Friendsgiving becomes an endearing trend among youth

Meghan Schmitt, Culture Editor

Friendsgiving — An occurrence across colleges, and an experience which I have participated in for the past two years.  Despite being roped in by my friends, not until now have I wondered from where this tradition came.

CNN marks 2015 as the beginning of the Friendsgiving trend, but other news sources claim that the term existed as far back as 2008.  Media depictions of the 1973 A Charlie Brown Thanksgiving as well as the Thanksgiving episodes of the popular television show Friends (1994-2004) also set precedents for this trend. According to the Atlantic, google searches for the term “Friendsgiving” first spiked in 2014.   

Why did this trend pick up amongst young Americans? Many believe that due to inflation, millennials could not afford plane tickets to travel home for the holidays on top of their other costs.   Friendsgiving was a thrifty way for young adults to organize potluck dinners with the invited members, which cuts down on the time and cost of the meal for the individual. And like the Superbowl and the Fourth of July, it was a national day of celebration; many people have the day off, so why not celebrate together?  Friendsgiving also offers a warm, inviting atmosphere of usually like-minded individuals, leading for amiable discussions around the table. As the popular saying goes, “you can’t pick your family, but you can pick your friends.” Some Friendsgivings occur the weekend before the holiday itself; this day is more popular with college students who use this opportunity as a final get-together before the holiday break.

For a student using Saint Anselm’s kitchens, a traditional Thanksgiving meal costs around 60 dollars, not including pots, pans, and cooking utensils.   A typical bird for this meal averages at just over a third of the total price. Using raw ingredients or remade mixes for the rest of the side dishes will determine the remainder of the cost.

The prep time for this meal is dependent upon the size of the turkey.  The turkey (or ham) is the main attraction; even if every other side dish is excellent, everyone will remember if the turkey is burnt, underdone, or dry.  This particular poultry cooks for approximately 3 to 4 hours, and it should be basted regularly throughout the second half of its cook time.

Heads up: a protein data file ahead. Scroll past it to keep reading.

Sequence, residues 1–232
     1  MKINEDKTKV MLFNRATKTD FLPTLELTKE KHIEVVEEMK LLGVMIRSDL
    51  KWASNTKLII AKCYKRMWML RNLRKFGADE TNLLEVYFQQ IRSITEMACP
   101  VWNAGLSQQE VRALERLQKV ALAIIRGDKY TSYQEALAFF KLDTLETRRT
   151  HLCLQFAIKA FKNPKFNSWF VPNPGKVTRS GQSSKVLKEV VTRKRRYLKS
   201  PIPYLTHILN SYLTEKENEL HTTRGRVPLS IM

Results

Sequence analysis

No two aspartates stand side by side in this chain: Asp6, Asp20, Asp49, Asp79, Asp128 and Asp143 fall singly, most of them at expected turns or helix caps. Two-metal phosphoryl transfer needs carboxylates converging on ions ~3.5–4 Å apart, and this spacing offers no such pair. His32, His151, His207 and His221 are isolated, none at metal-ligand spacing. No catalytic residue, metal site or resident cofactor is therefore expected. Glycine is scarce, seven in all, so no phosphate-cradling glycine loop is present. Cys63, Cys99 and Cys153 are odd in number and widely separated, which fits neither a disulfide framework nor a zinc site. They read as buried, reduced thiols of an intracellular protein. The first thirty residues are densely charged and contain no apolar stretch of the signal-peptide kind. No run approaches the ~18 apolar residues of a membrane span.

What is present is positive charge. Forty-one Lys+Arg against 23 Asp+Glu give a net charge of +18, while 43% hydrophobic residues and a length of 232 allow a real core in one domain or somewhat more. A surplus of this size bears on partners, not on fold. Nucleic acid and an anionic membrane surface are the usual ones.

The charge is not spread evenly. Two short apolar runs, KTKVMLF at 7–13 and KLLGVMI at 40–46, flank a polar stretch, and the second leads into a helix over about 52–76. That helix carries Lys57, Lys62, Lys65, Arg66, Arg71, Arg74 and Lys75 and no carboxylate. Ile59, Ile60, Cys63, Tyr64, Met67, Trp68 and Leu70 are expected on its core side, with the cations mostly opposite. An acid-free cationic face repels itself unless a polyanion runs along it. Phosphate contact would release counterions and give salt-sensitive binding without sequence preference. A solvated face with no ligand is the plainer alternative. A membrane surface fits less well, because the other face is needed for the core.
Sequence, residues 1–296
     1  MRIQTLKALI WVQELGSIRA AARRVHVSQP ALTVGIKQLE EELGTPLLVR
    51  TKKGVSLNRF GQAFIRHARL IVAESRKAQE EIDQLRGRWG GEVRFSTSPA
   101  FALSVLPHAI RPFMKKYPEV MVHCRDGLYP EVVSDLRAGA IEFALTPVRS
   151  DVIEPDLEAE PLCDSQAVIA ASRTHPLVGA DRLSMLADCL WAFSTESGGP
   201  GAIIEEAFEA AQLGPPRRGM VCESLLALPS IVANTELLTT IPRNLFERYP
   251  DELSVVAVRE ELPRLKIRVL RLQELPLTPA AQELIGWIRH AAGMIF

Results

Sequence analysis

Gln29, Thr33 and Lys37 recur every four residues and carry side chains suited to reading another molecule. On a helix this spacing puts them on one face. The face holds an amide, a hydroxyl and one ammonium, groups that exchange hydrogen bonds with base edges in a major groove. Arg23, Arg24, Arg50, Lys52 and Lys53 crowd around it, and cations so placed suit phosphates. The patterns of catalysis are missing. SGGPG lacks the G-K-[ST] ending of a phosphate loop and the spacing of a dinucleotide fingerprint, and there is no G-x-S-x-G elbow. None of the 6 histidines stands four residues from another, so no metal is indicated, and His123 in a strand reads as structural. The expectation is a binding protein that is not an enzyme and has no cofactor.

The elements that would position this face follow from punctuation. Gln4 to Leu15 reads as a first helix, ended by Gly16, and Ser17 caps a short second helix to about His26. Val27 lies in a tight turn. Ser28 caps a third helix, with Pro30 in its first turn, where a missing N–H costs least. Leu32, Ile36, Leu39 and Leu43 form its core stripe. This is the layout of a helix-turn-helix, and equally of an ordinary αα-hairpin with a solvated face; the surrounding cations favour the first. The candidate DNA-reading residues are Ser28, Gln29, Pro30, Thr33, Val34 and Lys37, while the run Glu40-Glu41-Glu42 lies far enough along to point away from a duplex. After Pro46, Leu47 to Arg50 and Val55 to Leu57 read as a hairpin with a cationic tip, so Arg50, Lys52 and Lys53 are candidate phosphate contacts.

I thoroughly enjoyed the time I spent helping one of my best friends prepare a Friendsgiving meal for ten of our friends.  I must mention however, that cooking for ten people is no easy feat.

I was exhausted and famished by the time all the food was plated on the table.  Not only was I constantly on my feet around a hot oven and stovetop, I was also co-managing about five other side dishes which accompanied the turkey.  

This experience had several pros and cons.  I feel like I picked up important culinary experience by successfully cooking a turkey.  My multi-tasking skills came in to effect as my friend and I juggled the cooking stuffing, mashed potatoes, green beans, and other sides, constantly swapping pans and turning off burners.  I spent a lovely few hours with my friends, made some memories, and at the end of the experience, I had a delicious meal to show for it.

Some of the cons of cooking Friendsgiving were the amount of time and effort it took to cook everything, as no one brought additional food.  

Impatient with the slow cooking of the turkey, my friend and I started the stuffing far too early, which meant that it was going back into the oven to reheat as the turkey was coming out to cool. We were more successful at keeping all of the food hot when the dinner began than the first year we attempted Friendsgiving.  That is another perk of Friendsgiving, the ability to improve every year.

I do have some advice for anyone thinking of attempting Friendsgiving next year, as it is an experience in which all should participate. First off, wrangle the group into bringing some dish for the meal; potluck suppers are much less stressful.  

If no one offers to bring anything but still insists on coming, delegate tasks for maximum efficiency and make sure to take turns around the stove and oven.  After the turkey enters the oven, set the table before starting to cook any sides; the potatoes will get cold, but the napkins will not.

And lastly, if the food looks good, take photos of it! Take videos of everyone cooking together! A few interrupted moments will provide tangible images which can immortalize the event forever.